Have you ever been so attracted to someone you’ve wanted to devour them? When the mind focuses so much in the object of their desire we lose sight of reality. In the case of Issei Sagawa, his obsession towards classmate Renee Hartevel went beyond any expected level of fixation. The acts that followed were so shocking that The Rolling Stones wrote a song after Sagawa ate his peer.
In the eighties, Sagawa was a wealthy student living in Paris when he met Renee, from Holland. They shared classes at the university and Sagawa would invite Renee on the pretense of studying together. Despite standing out as a smart and capable English Literature student, Sagawa admitted in subsequent interviews that he had never been seen as attractive by women. So he would use certain tactics to get their attention. At the time he was 25 years-old, spoke three languages, and was getting his PhD in Paris. It seemed like he had a promising future. One day he asked Renee to tutor him for German; in exchange, he would help her with another subject.
Their meetings became more frequent: they’d go out dancing, to a museum, and visit each other constantly. Then on July 11, 1981 all hell broke loose. Sagawa declared his love for Renee while they had dinner in his apartment. She rejected him. Consumed by rage, Sagawa took a rifle while Harvetel read a book of poems, and shot her in the neck.
Seizing on the body in front of him, Sagawa started to dismember it. He began by cutting her nose and left nipple. “I cut her hip,” is one of the claims he’d make in his book In the Fog, where he narrates his actions with great detail. He would describe the texture of the flesh, comparing its taste to “a rich raw fish, like sushi." "I’ve never eaten anything more delicious,” said the subsequently named Cannibal of Paris.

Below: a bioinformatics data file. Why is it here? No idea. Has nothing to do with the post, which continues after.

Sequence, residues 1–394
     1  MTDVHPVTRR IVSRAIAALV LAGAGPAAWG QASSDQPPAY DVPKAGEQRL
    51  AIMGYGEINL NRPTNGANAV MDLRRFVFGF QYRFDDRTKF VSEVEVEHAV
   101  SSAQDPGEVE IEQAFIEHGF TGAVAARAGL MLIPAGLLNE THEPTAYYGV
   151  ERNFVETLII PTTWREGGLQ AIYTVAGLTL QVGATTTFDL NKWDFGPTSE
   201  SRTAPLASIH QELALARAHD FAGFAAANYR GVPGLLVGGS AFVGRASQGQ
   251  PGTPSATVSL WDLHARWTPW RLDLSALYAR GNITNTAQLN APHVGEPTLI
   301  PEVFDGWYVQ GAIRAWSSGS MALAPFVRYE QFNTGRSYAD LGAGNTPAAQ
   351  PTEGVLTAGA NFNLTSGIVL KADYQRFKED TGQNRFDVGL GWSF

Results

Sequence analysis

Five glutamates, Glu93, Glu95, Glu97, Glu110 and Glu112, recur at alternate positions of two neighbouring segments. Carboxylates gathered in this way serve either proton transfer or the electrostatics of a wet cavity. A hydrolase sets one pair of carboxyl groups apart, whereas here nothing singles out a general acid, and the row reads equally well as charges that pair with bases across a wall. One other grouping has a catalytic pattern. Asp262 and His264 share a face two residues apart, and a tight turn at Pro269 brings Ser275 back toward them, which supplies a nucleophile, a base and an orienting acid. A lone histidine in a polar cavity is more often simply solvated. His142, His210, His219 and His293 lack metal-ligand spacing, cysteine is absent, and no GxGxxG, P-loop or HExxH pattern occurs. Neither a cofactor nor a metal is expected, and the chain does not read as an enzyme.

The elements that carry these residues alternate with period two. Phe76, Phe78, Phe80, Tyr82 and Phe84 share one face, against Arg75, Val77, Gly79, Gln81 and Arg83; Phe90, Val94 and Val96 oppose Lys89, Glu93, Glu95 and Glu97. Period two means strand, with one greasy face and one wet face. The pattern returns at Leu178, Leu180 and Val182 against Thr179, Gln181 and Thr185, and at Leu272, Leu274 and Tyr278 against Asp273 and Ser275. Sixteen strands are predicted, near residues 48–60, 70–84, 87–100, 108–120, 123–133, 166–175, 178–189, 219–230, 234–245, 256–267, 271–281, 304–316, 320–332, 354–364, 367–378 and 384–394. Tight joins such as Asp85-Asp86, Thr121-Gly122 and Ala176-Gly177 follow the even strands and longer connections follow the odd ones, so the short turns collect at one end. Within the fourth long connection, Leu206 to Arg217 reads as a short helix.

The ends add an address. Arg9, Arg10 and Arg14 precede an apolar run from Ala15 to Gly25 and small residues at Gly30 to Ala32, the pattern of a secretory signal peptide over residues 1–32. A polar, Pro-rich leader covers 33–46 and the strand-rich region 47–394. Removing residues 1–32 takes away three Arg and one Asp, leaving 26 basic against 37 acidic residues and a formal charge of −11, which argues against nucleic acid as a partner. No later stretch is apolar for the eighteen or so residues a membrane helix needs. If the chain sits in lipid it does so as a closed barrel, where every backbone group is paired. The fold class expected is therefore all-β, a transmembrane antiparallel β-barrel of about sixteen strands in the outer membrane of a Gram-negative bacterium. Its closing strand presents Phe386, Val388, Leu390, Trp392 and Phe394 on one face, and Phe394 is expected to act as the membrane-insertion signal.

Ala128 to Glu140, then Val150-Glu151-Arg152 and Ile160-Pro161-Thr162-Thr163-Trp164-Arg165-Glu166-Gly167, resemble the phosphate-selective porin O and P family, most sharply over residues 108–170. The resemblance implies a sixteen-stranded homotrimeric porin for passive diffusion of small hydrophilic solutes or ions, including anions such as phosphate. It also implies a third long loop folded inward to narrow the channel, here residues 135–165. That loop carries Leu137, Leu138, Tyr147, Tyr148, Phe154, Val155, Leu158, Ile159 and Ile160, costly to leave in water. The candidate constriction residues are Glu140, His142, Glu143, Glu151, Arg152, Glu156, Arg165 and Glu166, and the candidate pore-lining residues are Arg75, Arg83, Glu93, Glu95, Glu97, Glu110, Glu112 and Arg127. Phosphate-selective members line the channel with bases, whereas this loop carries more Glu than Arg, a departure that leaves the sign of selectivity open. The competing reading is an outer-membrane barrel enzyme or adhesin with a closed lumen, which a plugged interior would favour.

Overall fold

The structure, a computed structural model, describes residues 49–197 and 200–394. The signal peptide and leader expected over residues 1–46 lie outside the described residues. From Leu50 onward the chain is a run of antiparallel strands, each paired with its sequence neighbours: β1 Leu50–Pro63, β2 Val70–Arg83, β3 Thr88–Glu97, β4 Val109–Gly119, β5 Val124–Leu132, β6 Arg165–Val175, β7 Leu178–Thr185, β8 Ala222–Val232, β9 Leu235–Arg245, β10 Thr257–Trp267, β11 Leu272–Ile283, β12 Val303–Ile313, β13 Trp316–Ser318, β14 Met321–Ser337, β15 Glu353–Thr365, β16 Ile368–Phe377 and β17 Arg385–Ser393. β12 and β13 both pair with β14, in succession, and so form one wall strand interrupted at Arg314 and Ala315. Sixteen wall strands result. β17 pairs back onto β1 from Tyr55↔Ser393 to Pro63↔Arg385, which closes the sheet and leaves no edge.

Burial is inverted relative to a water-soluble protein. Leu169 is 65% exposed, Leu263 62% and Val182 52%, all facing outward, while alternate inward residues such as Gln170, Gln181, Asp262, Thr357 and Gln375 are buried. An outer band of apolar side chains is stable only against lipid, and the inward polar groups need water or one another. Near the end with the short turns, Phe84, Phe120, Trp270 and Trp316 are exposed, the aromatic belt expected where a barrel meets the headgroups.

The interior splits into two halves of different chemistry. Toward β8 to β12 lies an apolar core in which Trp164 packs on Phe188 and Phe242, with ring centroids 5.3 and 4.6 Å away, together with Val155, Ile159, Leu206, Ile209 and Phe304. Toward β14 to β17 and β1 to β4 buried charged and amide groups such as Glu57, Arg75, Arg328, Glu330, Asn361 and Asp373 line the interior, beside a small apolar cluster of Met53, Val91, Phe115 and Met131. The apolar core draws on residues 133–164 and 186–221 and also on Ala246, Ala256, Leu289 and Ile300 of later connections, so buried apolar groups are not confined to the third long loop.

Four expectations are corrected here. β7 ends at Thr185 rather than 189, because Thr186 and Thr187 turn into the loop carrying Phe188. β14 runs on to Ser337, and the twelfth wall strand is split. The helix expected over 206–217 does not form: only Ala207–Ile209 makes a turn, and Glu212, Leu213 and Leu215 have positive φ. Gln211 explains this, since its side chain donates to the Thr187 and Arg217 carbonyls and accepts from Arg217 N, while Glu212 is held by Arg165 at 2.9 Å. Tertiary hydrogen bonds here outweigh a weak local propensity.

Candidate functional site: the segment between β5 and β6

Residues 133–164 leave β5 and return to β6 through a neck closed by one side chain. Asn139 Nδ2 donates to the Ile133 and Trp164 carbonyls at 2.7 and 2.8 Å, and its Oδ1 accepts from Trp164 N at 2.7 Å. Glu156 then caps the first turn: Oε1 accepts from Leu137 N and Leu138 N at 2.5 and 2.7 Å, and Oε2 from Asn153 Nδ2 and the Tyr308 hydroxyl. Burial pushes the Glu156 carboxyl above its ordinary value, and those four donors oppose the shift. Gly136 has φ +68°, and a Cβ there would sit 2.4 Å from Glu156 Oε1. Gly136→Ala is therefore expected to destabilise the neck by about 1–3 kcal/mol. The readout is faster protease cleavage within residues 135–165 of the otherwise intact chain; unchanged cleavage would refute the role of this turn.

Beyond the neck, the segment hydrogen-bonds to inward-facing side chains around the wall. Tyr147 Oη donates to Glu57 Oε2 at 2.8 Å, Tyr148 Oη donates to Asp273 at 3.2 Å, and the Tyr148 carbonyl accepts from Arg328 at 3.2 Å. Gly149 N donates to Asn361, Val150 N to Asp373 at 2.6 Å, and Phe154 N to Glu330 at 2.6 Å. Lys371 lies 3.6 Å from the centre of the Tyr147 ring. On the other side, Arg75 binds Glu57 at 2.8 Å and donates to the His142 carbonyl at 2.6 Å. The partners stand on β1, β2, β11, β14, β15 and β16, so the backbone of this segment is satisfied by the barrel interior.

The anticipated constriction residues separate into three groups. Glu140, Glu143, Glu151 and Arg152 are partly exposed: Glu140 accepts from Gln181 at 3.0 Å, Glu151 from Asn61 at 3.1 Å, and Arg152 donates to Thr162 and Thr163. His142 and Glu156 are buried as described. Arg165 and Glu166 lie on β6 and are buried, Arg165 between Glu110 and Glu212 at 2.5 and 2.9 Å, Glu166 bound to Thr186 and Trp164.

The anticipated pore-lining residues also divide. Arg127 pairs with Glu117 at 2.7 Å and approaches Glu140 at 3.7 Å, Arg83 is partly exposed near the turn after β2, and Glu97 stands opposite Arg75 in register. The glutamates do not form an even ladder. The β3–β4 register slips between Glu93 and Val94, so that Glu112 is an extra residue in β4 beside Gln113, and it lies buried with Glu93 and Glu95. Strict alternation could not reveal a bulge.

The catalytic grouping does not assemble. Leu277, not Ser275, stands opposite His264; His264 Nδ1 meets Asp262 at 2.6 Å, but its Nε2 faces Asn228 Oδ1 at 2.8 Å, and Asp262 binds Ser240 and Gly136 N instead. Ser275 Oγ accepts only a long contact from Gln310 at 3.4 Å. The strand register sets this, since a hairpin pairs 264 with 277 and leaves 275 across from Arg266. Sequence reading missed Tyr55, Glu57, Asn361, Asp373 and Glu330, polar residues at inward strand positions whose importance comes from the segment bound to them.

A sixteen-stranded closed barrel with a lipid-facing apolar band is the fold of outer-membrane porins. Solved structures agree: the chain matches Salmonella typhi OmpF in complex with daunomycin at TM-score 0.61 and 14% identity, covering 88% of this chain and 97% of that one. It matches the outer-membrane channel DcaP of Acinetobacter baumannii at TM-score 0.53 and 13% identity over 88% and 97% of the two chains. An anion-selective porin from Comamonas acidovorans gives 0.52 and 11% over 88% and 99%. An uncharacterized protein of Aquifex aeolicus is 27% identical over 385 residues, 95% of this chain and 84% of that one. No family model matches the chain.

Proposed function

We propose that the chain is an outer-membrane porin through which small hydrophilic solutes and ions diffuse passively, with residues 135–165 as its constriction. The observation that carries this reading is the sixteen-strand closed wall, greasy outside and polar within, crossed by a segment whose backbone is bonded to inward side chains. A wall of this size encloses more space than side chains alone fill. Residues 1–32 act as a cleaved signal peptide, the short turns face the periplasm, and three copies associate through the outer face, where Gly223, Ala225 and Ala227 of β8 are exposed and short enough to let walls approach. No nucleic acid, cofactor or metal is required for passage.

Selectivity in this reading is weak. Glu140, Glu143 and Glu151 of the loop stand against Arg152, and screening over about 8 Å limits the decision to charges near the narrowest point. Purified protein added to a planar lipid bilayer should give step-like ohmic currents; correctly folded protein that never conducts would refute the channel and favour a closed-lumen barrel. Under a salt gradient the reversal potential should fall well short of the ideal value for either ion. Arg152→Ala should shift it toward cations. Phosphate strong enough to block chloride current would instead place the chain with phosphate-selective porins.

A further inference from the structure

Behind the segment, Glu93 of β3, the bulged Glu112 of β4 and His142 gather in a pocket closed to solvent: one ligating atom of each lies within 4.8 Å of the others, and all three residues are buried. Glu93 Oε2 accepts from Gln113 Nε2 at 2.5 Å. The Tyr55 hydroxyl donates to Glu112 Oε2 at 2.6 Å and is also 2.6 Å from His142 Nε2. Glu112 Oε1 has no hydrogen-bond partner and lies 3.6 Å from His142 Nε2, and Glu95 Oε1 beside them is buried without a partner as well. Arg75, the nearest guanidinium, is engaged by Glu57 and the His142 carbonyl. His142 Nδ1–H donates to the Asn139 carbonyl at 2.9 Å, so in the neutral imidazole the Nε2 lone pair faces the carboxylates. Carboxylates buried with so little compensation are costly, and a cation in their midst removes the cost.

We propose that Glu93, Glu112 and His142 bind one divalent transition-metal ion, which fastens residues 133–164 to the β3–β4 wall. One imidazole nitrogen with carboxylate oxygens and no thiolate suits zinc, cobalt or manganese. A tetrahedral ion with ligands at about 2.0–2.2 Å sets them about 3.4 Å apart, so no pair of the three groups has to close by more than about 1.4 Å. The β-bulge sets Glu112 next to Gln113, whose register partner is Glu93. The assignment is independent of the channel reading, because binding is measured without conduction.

The authorities arrested Issei Sagawa a few days later. Despite his sentence to an undefined period at Paul Guiraud Asylum, his father’s influence as President of Kurita Water Industries in Tokyo had him transferred to a psychiatric hospital in Japan, where he only remained for 15 months. Once released, Sagawa became a media celebrity. To this day he continues to travel around the world giving interviews where he talks about how human flesh is one of the best delicacies. He’s appeared in pornographic films and has written four novels describing his murder.
The Rolling Stones’ Mick Jagger and Keith Richards wrote the song “Too Much Blood” as homage to the only cannibal who appears on television gloating about his feats. In one of the many magazine interviews he’s been a part of, Sagawa stated he hopes to be eaten by a western woman in order to create a balance. “I’m not responsible for my image, the media is. The public has made me the godfather of cannibalism, and I’m happy with that.”
Translated by María Suárez